We know that sitting is bad for your health and has been dubbed “the new smoking.” Two years ago I got put on a fitbit and started walking, and haven’t stopped. It’s benefited overall physical health and boosts cognitive function.
I’ve been incorporating sitting, standing, and walking into my work and doing sessions at nonprofit conferences about walking as work. After a session at the NTEN Nonprofit Technology Conference, Lisa Colton, set up the “Take A Walk” group on Facebook for nonprofit folks who are sharing their walks and tips. It’s now has over 60 members and growing. Susan Tenby invited me and Allison Leahy, Community Manager for FitBit to do a session at the monthly online community managers gathering in July.
Over the past few months, I’ve been delighted to take walks with professional colleagues. During the Data for Good Conference, I had an opportunity to walk with colleagues David Krumlauf and Sharon Burns and recently I got take hikes with Kivi Leroux Miller and Allison Fine when they were in town. There is no better type of professional relationship building than walking shoulder-to-shoulder.
Many times I hear from people that they realize sitting for long periods is unhealthy, but they are unable to make the time to take a walk or shift their habit of sitting meetings to walking meetings. So, with the growing body of research that is telling us that sitting is shortening our lives, how to best respond?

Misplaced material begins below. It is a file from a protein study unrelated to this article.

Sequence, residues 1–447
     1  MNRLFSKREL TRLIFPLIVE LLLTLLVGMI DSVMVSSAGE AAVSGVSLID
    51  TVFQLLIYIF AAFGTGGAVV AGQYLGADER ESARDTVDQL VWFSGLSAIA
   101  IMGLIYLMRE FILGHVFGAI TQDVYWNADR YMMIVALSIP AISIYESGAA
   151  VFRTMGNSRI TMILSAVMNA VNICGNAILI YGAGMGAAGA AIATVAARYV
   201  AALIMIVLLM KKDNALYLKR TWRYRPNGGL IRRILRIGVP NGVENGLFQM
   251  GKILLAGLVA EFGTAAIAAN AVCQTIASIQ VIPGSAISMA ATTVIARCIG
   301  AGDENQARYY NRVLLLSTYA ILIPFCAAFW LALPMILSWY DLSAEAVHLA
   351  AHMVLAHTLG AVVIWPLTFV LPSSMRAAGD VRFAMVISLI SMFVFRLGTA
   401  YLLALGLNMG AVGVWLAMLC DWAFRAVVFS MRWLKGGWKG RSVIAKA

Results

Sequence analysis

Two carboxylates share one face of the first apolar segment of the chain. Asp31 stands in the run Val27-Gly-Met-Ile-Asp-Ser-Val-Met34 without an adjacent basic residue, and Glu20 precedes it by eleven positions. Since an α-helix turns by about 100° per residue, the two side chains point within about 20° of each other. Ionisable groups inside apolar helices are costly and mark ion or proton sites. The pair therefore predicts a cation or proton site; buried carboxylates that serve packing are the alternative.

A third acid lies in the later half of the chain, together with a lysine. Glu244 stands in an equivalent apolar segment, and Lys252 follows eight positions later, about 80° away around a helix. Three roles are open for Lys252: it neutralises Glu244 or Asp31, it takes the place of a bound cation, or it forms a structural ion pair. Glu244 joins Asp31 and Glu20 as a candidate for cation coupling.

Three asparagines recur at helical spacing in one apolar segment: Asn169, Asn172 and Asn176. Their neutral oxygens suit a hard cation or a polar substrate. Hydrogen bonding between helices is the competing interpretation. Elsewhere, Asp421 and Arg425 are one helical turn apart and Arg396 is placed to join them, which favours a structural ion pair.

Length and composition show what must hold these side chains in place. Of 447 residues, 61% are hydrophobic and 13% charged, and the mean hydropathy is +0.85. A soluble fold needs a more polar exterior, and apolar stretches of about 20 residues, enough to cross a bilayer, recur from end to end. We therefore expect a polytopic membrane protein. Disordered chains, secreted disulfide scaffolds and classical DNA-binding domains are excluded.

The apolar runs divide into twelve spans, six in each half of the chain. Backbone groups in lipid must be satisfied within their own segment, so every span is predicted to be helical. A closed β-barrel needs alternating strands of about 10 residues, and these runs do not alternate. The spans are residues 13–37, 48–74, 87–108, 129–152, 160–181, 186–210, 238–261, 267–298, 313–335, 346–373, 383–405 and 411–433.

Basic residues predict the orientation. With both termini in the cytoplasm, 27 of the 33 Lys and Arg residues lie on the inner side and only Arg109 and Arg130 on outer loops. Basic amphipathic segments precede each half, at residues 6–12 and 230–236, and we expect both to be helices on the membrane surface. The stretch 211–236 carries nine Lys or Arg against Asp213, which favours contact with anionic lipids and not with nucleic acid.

It is easier to make some small changes yourself than trying to change your organization’s culture, although that too is possible. Here are some small steps you can take:
- Stop thinking of solo walking as “exercise” it is a great time to think about challenging work task
- Recognize when you are not productive sitting and take a five minute walk around your office, stretch
- Hack a standing desk
- Incorporate 20-30 minute solo walks during the day
- Forward your calls to your mobile phone and talk while walking
- Walking commute to work, if possible or park far away or get off bus a stop early
- Go for a networking walk at a conference during lunch or the break
To make a change in your behavior you need shift your perspective. James Levine, Mayo Clinic, leading expert in medical research on the harmful effects of sitting suggests: ”Think of sitting a way to rest your body from standing, not the default.” In addition to thinking about how much exercise can you can get this week, also think about how little sitting you can do. When you start thinking this way, you look for more ways to integrate standing or moving into your work.
Here’s another tip. Use the 20/8/2 rule. Cornell ergonomic expert Alan Hedges recommends 20 minutes sitting, eight minutes standing, two minutes walking. Repeat. The formula also improves productivity and posture, studies show. While this may sound a little prescriptive, it is based on health research and simple to put into practice.
In fact, a recent article in the New York Times (hat tip Jereme Bivins), “A 2-minute Walk May Counter the Harm of Sitting” points to another recently released study that suggests that even a few minutes per hour of moving instead of remaining in a chair might substantially reduce the harms of sitting.
According to the study’s author, the reduction in death risk is likely related to energy balance. Walking, even for two minutes, instead of sitting increases the number of calories that someone burns, potentially contributing to weight loss,which then affect mortality risk. The articles ends with a great suggestion: “the possible benefits of strolling more often around the office seem alluring and the risks slight, especially if you invite your boss to join you, highlighting your tender care for his or her well-being.”